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H2F improves wellness of Thunderbolt soldiers

Program is a cultural shift towards proactive preservation and overall healthy living

Photo credit: Sgt. Casey Hustin, 17th Field Artillery Brigade

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(Photo: Thunderbolt soldiers use their lunch time to take advantage of an H2F (Holistic Health and Fitness) combat mobility yoga session Feb. 26 at the 5th Battalion, 3rd Field Artillery headquarters. Yoga sessions are designed to improve overall mental wellness and increase core strength and mobility.)

Since its launch in early 2018, the Army's Holistic Health and Fitness (H2F) program has been instituted across the Army as a pilot program designed to improve physical training and increase soldiers' strength and wellness. For Thunderbolt soldiers, H2F has achieved that and more.

"This is about building soldiers by improving readiness to increase lethality," said Isaiah Phelps, lead strength and conditioning coach. "This is for building that readiness, it's not to crush them or kill them; it's to build them for the real world."

Phelps has been an integral part of reworking the physical training program for the 5th Battalion, 3rd Field Artillery Regiment.

"The greatest part for me is that I see people coming to PT in the morning and they are engaged and excited to be there," said Phelps.

With an in-house physical therapist, a registered dietician and a lead strength and conditioning coach, the H2F program has the 5-3 FA Bn. fully stocked with knowledge and resources that are constantly improving the overall physical readiness of soldiers.

"People are coming to physical therapy proactively versus being told they have to come, so when people do have PT or training-related injuries, they're getting better faster," said Capt. Samantha Morgan, physical therapist. "I've seen fewer injury rates, a lot fewer overuse type injuries from running and rucking or doing the same things all the time. The biggest misconception is that we're just here to fix people who have issues; we're also here to help the whole rest of the unit function at the highest level."

The H2F team hosts "lunch and lift," mobility yoga, and one-on-one nutrition counseling with registered dietician, Sarah Walsh.

"Knowledge has increased," said Walsh. "I've done a lot of educating in the newcomer's group, a nutrition 101 series and a wellness workshop. I have also noticed first sergeants are saying what I'm teaching, so they're starting to educate their soldiers."

The newly implemented Army Combat Fitness Test (ACFT) is also part of the H2F program.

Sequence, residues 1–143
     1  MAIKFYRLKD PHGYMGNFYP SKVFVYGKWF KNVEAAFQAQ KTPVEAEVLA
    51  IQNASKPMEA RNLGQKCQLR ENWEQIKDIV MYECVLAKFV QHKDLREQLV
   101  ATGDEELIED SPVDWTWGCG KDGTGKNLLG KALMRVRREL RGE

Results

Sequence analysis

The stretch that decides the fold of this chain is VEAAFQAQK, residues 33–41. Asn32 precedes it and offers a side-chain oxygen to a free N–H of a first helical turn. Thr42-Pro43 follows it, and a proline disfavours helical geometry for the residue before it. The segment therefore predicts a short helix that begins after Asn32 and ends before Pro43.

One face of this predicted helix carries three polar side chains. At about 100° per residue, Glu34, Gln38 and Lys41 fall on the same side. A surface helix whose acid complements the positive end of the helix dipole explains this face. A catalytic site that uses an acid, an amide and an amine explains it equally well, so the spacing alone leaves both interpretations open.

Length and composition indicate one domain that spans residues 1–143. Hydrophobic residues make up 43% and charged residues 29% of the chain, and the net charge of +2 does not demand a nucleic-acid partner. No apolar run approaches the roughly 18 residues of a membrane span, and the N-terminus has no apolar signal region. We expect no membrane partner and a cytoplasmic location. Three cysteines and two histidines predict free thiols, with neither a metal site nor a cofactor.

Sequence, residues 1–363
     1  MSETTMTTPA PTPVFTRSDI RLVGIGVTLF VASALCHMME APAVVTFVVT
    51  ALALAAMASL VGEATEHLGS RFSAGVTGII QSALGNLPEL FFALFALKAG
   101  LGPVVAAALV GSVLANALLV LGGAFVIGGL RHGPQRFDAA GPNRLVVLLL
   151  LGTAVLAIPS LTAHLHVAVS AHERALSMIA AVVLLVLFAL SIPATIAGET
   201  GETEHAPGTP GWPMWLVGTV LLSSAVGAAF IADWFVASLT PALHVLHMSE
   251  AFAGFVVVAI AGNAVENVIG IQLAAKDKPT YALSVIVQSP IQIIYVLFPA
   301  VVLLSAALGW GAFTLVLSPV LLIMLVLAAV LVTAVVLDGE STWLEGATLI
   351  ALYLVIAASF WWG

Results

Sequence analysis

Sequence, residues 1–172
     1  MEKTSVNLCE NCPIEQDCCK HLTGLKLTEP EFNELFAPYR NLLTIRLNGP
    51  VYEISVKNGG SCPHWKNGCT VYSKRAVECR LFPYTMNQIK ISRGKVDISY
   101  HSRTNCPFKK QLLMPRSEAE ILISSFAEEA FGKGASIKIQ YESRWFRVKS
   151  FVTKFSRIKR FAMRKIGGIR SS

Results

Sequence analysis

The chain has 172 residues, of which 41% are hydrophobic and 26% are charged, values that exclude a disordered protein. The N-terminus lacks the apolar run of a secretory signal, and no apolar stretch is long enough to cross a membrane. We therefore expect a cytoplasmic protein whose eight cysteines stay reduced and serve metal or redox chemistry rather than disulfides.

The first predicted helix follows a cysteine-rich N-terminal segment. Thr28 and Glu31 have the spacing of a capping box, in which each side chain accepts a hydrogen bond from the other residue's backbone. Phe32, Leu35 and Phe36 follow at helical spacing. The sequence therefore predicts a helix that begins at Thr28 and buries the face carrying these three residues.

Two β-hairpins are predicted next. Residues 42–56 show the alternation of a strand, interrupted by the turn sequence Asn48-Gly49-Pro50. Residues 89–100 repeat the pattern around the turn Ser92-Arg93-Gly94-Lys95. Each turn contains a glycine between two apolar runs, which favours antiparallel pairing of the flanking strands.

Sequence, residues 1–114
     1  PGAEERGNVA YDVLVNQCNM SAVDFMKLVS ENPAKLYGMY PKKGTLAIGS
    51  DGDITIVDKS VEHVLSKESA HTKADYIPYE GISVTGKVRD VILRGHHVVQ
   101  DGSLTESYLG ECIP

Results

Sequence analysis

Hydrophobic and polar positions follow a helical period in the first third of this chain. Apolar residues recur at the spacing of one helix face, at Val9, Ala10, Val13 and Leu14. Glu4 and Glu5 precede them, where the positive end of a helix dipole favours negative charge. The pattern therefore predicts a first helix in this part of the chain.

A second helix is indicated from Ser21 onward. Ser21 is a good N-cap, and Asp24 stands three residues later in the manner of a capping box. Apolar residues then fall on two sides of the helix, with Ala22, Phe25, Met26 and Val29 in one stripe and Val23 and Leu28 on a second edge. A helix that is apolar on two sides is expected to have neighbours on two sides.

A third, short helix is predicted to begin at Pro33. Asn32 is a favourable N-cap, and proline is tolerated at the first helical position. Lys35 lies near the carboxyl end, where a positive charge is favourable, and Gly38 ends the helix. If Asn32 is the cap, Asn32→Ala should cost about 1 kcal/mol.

"The ACFT itself is a better test of the skill sets, strengths and physical capabilities needed for the individual soldier to accomplish the many basic Warrior Tasks," said Maj. Brian Reynolds, 5-3 Bn. Executive Officer and H2F Pilot Program Manager. "Each exercise and associated movement can be correlated to a task that a soldier may be required to accomplish on the battlefield. The deadlift and power throw utilize movements of power in order to lift a soldier or equipment out of a turret or over a barrier during combat. The sprint-drag-carry tests the capacity to quickly maneuver varying types of equipment or personnel over specified distances that may be required on the modern battlefield. The test itself is also designed to challenge the body's different energy systems in a deliberate sequence."

Soldiers across the Army have taken the new ACFT and are supposed to have at least two diagnostic tests completed by fall of 2020. The 17th Field Artillery Brigade has begun to consistently test soldiers within the formation.

"It is important to highlight that the H2F program is not solely focused on implementation of the ACFT, but soldier wellness in total," said Reynolds. "It cannot be measured solely with physical fitness test scores. That said, I can tell you that since the implementation of H2F at 5-3 FA, we have seen a significant change in the way we think about and execute unit PT. One of the big improvements has been in predictability of the PT schedule, which allows soldiers who are going to the gym on their own to plan their supplemental workouts accordingly. We have also seen an increase in cross-training or functional fitness type training throughout the BDE footprint over the past year, which we attribute to the H2F and ACFT influence. Our soldiers have definitely improved in overall ACFT pass rates and test scores over the past year."

H2F will continue to grow across the Army, providing resources (professionals and equipment) at the lowest unit level possible.

"It is a total cultural shift towards proactive preservation and improvement in overall healthy living," said Reynolds. "Soldiers will seek out these resources to help them stay healthy and reach individual goals, and leaders will consistently use H2F resources to support sustained health and fitness through training events, deployments and their daily lives."

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